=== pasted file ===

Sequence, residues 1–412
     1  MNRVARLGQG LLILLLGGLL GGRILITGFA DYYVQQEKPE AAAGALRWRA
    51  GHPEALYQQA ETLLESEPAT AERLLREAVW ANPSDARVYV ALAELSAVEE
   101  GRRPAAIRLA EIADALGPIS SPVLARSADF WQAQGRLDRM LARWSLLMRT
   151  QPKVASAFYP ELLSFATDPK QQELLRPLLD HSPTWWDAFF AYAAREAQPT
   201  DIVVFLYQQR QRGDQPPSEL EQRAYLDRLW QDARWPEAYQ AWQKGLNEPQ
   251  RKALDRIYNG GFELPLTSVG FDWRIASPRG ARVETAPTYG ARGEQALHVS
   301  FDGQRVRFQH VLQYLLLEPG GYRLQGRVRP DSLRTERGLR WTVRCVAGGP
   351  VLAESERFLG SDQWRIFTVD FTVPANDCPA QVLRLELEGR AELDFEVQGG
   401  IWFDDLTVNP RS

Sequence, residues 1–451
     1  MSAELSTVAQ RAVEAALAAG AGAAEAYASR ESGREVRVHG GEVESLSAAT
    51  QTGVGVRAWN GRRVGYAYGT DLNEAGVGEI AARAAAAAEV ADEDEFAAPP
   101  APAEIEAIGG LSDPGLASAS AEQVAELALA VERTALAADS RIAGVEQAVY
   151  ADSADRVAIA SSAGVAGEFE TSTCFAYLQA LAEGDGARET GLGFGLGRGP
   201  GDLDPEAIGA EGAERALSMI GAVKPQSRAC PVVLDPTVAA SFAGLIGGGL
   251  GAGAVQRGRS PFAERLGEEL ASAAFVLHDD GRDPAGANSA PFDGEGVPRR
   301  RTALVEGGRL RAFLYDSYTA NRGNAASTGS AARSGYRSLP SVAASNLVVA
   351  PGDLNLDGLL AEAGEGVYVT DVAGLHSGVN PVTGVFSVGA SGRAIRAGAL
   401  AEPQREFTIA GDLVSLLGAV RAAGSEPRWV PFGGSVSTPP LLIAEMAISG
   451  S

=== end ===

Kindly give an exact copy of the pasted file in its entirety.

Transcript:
Sequence, residues 1–412
     1  MNRVARLGQG LLILLLGGLL GGRILITGFA DYYVQQEKPE AAAGALRWRA
    51  GHPEALYQQA ETLLESEPAT AERLLREAVW ANPSDARVYV ALAELSAVEE
   101  GRRPAAIRLA EIADALGPIS SPVLARSADF WQAQGRLDRM LARWSLLMRT
   151  QPKVASAFYP ELLSFATDPK QQELLRPLLD HSPTWWDAFF AYAAREAQPT
   201  DIVVFLYQQR QRGDQPPSEL EQRAYLDRLW QDARWPEAYQ AWQKGLNEPQ
   251  RKALDRIYNG GFELPLTSVG FDWRIASPRG ARVETAPTYG ARGEQALHVS
   301  FDGQRVRFQH VLQYLLLEPG GYRLQGRVRP DSLRTERGLR WTVRCVAGGP
   351  VLAESERFLG SDQWRIFTVD FTVPANDCPA QVLRLELEGR AELDFEVQGG
   401  IWFDDLTVNP RS

Sequence, residues 1–451
     1  MSAELSTVAQ RAVEAALAAG AGAAEAYASR ESGREVRVHG GEVESLSAAT
    51  QTGVGVRAWN GRRVGYAYGT DLNEAGVGEI AARAAAAAEV ADEDEFAAPP
   101  APAEIEAIGG LSDPGLASAS AEQVAELALA VERTALAADS RIAGVEQAVY
   151  ADSADRVAIA SSAGVAGEFE TSTCFAYLQA LAEGDGARET GLGFGLGRGP
   201  GDLDPEAIGA EGAERALSMI GAVKPQSRAC PVVLDPTVAA SFAGLIGGGL
   251  GAGAVQRGRS PFAERLGEEL ASAAFVLHDD GRDPAGANSA PFDGEGVPRR
   301  RTALVEGGRL RAFLYDSYTA NRGNAASTGS AARSGYRSLP SVAASNLVVA
   351  PGDLNLDGLL AEAGEGVYVT DVAGLHSGVN PVTGVFSVGA SGRAIRAGAL
   401  AEPQREFTIA GDLVSLLGAV RAAGSEPRWV PFGGSVSTPP LLIAEMAISG
   451  S